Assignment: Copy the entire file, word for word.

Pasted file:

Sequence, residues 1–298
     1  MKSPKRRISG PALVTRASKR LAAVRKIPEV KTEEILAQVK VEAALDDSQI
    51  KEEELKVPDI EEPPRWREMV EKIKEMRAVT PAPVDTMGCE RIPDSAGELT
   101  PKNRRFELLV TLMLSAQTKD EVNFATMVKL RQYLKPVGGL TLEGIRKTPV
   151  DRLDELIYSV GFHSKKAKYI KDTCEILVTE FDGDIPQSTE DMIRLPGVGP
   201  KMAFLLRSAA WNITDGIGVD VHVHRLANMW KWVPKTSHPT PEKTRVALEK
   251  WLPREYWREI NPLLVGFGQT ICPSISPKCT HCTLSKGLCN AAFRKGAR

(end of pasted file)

Sequence, residues 1–298
     1  MKSPKRRISG PALVTRASKR LAAVRKIPEV KTEEILAQVK VEAALDDSQI
    51  KEEELKVPDI EEPPRWREMV EKIKEMRAVT PAPVDTMGCE RIPDSAGELT
   101  PKNRRFELLV TLMLSAQTKD EVNFATMVKL RQYLKPVGGL TLEGIRKTPV
   151  DRLDELIYSV GFHSKKAKYI KDTCEILVTE FDGDIPQSTE DMIRLPGVGP
   201  KMAFLLRSAA WNITDGIGVD VHVHRLANMW KWVPKTSHPT PEKTRVALEK
   251  WLPREYWREI NPLLVGFGQT ICPSISPKCT HCTLSKGLCN AAFRKGAR